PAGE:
All Interreg projects start with a joint need, problem or challenge for which an adequate cross-border solution is not provided yet. But why is cross-border cooperation important? There are problems or opportunities that go beyond national borders and in order to be addressed in full scale, partners from different countries must answer them. The impact of cross-border initiatives presents a benefit for both countries because positive action on one side of the border implies the same effect on the other side. So how to prepare a successful Interreg project?
Planning an Interreg project
Interreg projects are:
- Demand-driven. Firstly, a project must respond to the needs of a specific target group, i.e. people and organization that will benefit from the project. Target groups needs must reflect the choice of outputs, activities and results.
- Relevant. Every project must respond to priorities set by the programme. A programme’s scope is presented in Cooperation Programme and further defined by a mixture of top-down thematic strategies, such as the EU Strategy for the Danube Region or EU Strategy for the Adriatic and Ionian Region.
- Focused on results. Results are a way to prove the need for the project. How to set up a result-oriented project? Agree with project partners on the change you plan to achieve, where it will be achieved, for whom and make sure it is completely aligned with the Programme priorities.
- Based on cooperation. Cooperation between project partners from two or more countries is one of the founding stones of Interreg. It reflects the innovation and creativeness of different cultures jointly solving the same challenge. Take a look how partners from the 1st Call for Proposals composed their partnerships in our Project Library.
Starting a partnership
When starting an Interreg project, every partner contributes to joint development and implementation of an idea. This means that all partners share a joint vision of the change they plan to accomplish.
One of the important features of Interreg is the Lead Partner principle. Lead Partners take full responsibility on coordinating the partnership. The Lead Partner ensures accomplishment of activities, time plan and budget of the entire project according to the application. Project partners are responsible for their own tasks defined in the application. More details are provided in the Call for Proposals documents.
Target groups are individuals and organisations positively affected by the activities and results of a project, though not necessarily being directly involved in the project. When developing a project, target groups and other stakeholders have to be involved in the development of foreseen outputs. A successful project will analyze target groups and stakeholders, involve them in the project and build on their participation as their input can anticipate risks or guarantee viability of the project. Engagement of target groups and stakeholders must be described in the project application and this must be done in the planning phase of the project.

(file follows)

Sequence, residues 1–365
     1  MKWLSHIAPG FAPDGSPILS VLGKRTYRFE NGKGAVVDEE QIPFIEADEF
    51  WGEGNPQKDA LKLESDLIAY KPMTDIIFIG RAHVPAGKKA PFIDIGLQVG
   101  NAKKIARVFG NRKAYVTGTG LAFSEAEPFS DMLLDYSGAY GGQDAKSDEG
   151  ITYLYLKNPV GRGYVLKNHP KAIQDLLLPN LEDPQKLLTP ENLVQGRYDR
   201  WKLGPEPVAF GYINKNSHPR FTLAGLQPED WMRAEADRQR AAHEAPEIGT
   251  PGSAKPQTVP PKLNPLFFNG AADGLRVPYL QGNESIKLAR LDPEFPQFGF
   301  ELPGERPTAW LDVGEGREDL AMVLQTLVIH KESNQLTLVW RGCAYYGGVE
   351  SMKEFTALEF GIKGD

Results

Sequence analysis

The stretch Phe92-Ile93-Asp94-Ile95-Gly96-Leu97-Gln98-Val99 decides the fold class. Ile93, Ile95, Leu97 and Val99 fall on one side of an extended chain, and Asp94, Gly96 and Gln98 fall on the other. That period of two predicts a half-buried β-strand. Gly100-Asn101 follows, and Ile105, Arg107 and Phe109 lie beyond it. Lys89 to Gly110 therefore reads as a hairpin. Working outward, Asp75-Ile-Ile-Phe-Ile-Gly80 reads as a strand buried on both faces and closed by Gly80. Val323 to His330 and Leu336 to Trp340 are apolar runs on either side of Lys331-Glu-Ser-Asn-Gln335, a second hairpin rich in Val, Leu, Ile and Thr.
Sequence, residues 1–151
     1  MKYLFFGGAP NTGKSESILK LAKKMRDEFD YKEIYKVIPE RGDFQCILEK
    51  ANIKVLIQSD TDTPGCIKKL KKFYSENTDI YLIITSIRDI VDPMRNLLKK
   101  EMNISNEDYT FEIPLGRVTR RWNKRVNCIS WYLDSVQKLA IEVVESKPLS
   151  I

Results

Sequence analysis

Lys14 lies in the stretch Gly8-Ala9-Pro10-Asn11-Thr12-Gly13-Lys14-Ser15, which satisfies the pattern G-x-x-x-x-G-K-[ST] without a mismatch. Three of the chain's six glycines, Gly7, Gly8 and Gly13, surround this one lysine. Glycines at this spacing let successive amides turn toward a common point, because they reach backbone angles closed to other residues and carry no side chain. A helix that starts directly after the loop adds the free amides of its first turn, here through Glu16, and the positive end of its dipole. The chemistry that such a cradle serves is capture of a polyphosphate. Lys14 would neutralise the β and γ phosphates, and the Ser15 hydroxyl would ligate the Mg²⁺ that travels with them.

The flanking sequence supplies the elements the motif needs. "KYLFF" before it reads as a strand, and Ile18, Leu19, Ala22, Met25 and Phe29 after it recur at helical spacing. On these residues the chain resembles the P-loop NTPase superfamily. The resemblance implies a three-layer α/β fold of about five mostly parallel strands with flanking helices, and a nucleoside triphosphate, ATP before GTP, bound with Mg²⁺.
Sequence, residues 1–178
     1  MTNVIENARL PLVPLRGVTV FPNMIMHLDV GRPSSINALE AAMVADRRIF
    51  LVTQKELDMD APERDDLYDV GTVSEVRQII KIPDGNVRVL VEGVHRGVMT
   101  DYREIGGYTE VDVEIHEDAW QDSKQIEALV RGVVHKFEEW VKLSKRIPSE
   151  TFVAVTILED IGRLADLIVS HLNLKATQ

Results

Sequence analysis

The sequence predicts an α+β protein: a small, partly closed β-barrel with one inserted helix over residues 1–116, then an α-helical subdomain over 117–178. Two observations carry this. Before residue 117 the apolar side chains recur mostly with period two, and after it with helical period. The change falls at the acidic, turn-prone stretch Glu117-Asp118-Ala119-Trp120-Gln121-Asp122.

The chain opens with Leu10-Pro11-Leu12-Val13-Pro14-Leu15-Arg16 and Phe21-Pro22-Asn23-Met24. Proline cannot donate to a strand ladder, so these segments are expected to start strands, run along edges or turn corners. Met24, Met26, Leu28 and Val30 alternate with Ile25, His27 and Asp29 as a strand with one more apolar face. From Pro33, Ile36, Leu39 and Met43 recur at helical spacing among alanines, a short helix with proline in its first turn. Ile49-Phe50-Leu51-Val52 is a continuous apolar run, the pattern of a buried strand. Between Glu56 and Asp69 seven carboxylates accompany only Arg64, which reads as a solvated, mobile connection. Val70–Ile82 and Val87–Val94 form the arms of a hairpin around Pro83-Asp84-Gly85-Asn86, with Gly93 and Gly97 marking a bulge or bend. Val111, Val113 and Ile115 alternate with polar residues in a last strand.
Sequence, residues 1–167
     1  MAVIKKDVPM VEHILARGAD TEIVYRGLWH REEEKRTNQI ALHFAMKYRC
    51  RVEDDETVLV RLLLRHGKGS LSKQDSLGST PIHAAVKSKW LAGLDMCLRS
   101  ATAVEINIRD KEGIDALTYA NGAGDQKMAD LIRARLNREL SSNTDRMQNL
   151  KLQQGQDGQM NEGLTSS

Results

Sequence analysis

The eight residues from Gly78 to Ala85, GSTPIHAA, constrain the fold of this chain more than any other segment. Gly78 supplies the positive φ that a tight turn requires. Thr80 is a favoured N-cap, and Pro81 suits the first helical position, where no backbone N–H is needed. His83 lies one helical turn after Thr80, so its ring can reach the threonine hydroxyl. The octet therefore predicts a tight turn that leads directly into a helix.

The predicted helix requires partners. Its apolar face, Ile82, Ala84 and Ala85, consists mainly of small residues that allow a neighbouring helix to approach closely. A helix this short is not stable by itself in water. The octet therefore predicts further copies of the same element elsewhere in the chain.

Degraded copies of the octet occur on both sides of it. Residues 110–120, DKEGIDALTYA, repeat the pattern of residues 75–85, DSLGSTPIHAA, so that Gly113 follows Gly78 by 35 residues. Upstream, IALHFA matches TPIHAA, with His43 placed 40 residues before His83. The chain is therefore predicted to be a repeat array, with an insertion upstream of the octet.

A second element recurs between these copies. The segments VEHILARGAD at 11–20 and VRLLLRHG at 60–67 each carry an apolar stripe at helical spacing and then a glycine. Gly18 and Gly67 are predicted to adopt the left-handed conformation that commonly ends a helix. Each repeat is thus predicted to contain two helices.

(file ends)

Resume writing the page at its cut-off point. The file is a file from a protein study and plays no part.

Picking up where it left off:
Preparing a project proposal
Once you developed your idea and built a partnership, drafting your project proposal is next. Preparing a quality project proposal is time-consuming and implies a variety of financial (e.g. traveling, meetings, experts, etc.) and human resources (e.g. staff). In some cases, external experts are contracted to help draft project proposals. Experts from outside the organization can significantly contribute to the process with specific and thematic knowledge, but on the other hand, if the entire process is left to outside help without necessary input from partner institutions, problems may occur during project implementation.
Project proposals are filled in the Application form provided by the Programme. Besides information sessions and project clinics organized by the Managing Authority and Joint Secretariat to provide support to applicants, when drafting project proposals it is important to take note of the following:
- The project idea must be justified by describing common challenges tackled in the project, highlighting the need for cross-border cooperation and specifying benefits for partners, target groups and the Programme area.
- The project idea must be “translated” into the project intervention logic which must clearly show how the project contributes to Programme priorities, outputs, indicators and objectives.
- Clear project overall and specific objectives, as well as project results and outputs, must be defined.
- After defining objectives, outputs and results, the work plan must be defined by describing activities and resources required to deliver project outcomes and grouping the activities in work packages. When the project intervention logic is valid, the activities and deliverables lead to project outputs, which then lead to project objectives.
- The budget is the part of the project proposal that defines how much will the activities cost. It is essential that the budget provides value for money and justifies project’s objective, outputs and results.
Detailed instructions on filling-in the Application, with examples of intervention logic, work plan and expenditure categories, are available in the Application Manual for 2nd Call for Proposals.